DuPont Sorona

Sustainability, in the case of fabric, presents a unique and ironic divergence: We need to protect Mother Nature while we concurrently — and creatively — protect ourselves from her elements.

Solution firms such as DuPont Biomaterials are in the business of doing just that. Within the company’s Sorona portfolio, its partially plant-based eco-efficient performance fiber, DuPont released five certified fabric collections called Agile, Revive, Profile, Luxe and Aura, which collectively fight against unfavorable climactic conditions and offer longevity, softness and shape retention. For example, Agile fabric provides better resistance to heat, UV rays and chlorine, while its Aura insulation fill allows for a higher level of breathable, thermal insulation that “redefines how warmth should feel,” and offers “comfort in any climate,” the company said.

And alongside its newly released fabrics is the launch of its Fabric Common Thread Certification Program, a traceability initiative that ensures its fabrics have the unique molecular footprint of its Sorona polymer, in addition to meeting key performance criteria. The program allows apparel brands and designers to request that mills provide their DuPont Sorona Fabric Common Thread Certificate to prove that their Sorona fabrics are the real deal.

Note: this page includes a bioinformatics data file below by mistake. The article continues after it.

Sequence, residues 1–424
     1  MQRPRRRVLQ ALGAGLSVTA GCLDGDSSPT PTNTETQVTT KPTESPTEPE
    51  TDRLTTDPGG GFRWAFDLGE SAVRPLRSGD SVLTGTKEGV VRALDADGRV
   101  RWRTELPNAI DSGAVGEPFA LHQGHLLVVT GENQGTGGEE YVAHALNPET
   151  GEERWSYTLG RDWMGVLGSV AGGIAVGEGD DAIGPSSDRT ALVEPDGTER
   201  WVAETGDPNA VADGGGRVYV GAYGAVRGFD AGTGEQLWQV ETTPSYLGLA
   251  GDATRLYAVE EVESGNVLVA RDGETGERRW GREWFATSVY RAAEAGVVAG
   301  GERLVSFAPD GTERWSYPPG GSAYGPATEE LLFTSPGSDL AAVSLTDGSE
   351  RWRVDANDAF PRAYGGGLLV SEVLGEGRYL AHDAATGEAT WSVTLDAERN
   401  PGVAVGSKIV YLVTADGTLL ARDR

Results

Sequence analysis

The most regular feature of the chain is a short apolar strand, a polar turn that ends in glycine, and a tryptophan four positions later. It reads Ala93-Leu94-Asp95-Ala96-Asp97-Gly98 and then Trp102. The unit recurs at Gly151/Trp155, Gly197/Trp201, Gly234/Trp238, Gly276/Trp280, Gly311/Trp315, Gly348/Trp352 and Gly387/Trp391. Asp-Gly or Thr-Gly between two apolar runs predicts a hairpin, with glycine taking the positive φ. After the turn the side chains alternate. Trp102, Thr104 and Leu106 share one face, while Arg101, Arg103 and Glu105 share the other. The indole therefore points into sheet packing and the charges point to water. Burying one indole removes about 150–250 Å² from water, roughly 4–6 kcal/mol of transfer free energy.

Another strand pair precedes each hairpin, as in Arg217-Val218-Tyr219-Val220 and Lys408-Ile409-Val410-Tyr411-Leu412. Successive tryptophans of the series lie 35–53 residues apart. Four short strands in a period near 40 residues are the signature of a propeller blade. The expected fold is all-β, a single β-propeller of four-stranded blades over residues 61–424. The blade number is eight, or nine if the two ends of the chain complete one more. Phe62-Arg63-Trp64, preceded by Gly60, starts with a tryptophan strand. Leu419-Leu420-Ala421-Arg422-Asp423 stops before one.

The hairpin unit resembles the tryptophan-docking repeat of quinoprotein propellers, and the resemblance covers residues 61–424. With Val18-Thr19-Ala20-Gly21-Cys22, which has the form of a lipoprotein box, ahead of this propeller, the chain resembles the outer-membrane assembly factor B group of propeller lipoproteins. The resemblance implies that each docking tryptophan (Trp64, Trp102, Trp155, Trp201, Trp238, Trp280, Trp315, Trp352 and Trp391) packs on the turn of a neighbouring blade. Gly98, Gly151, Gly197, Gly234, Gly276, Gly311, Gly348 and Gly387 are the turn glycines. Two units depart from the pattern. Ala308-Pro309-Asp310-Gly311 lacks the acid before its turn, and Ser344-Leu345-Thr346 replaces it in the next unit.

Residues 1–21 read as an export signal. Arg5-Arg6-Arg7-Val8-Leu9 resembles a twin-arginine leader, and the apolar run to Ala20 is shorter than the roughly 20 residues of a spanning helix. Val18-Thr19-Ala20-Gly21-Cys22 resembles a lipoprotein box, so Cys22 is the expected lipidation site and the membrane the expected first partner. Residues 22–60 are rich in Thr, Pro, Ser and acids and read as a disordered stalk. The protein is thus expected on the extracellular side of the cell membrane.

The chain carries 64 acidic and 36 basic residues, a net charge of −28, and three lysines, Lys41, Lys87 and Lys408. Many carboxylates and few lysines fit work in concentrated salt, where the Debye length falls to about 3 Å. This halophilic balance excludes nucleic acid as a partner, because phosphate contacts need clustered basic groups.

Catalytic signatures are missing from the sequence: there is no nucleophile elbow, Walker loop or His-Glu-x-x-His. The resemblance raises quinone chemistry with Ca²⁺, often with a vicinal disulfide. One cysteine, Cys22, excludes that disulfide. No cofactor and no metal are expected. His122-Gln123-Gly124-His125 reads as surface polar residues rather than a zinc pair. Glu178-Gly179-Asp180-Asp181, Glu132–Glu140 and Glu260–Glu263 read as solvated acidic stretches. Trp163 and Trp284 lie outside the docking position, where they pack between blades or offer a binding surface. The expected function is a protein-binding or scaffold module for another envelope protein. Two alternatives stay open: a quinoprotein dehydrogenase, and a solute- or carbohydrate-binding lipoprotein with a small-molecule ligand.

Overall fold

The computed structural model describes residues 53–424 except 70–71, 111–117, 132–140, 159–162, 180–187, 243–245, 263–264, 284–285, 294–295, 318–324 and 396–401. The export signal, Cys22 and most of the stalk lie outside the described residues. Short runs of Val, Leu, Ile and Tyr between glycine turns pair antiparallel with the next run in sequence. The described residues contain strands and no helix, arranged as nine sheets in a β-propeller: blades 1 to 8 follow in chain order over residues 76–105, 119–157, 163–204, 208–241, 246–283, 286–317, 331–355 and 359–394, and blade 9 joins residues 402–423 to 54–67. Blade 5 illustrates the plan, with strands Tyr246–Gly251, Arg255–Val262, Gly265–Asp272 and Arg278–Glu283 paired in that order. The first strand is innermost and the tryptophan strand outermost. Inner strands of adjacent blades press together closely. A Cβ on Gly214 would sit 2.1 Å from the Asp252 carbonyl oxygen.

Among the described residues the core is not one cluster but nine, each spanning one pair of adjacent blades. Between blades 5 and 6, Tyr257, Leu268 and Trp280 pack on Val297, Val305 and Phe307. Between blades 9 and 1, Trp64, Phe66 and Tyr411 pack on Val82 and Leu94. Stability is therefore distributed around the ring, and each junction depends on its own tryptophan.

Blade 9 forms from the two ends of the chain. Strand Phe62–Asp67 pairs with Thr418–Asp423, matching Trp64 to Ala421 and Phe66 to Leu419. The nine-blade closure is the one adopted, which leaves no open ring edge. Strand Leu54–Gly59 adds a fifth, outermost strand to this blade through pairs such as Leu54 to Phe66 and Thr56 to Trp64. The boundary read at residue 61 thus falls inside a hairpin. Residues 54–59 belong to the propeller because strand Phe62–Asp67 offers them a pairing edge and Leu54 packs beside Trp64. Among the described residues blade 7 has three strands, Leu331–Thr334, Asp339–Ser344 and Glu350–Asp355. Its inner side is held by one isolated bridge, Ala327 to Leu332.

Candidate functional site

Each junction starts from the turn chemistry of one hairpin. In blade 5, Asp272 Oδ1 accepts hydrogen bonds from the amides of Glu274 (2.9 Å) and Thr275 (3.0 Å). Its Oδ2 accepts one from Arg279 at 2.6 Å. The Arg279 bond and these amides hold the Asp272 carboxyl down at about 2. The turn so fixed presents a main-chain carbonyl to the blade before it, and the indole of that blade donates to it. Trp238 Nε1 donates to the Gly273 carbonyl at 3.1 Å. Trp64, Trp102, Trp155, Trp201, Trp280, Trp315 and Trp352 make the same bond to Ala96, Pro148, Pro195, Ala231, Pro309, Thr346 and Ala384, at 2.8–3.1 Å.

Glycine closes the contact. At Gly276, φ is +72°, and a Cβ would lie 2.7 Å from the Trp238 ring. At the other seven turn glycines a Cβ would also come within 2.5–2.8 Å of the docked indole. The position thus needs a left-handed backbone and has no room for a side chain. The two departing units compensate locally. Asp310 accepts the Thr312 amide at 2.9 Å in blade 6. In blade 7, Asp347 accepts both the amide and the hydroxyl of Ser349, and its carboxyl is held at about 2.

Kiki Chen, marketing manager, DuPont Sorona, said, “We believe in trust, traceability and transparency throughout the entire supply chain. Our customers trust us and expect us to deliver performance with quality. That’s why we strictly test all fabric solutions before they’re certified.”

Citizens of Humanity

A cotton mask made by Citizens of Humanity. Photo courtesy of Citizens of Humanity. 

And fiber firm Unifi also paired sustainability with an uncommon twist. The firm said it teamed with Disney to debut a new sustainable T-shirt collection made with its Repreve recycled performance fiber.

“Disney’s new retro collection is a wonderful circular economy initiative that shows what can happen when kids of all ages recycle and give bottles can a second life,” said Jay Hertwig, Unifi’s senior vice president, global sales and marketing. “We’re thrilled to partner with Disney on this iconic collection and help promote the importance of recycling and sustainability.”

Plastic bottles were collected from Disney parks and transformed into Repreve to be used in the “retro” Mickey & Co. collection prior to the coronavirus pandemic, the firm added.

And as brands continue to support those on the frontlines of COVID-19, sustainable denim company Citizens of Humanity said it has “completely switched gears” to shift production within its vertically integrated Los Angeles-based manufacturing facility to create washable cotton masks to be supplied to hospitals, health-care workers, essential workers, farmers, food vendors, markets, children’s advocacy groups and government offices across California and Washington D.C. The brand said it reconfigured its operations to produce approximately 15,000 masks per day, and has made bulk orders available for small business and organizations that need them.

For more Business news from WWD, see:

Outdoor Brands Talk Coronavirus Impacts, Offer Wellness Advice

Brick-and-Mortar, Digital Retailers Adjust Strategies in Wake of Coronavirus

Field Notes: How Fabric Is Helping Save the Planet

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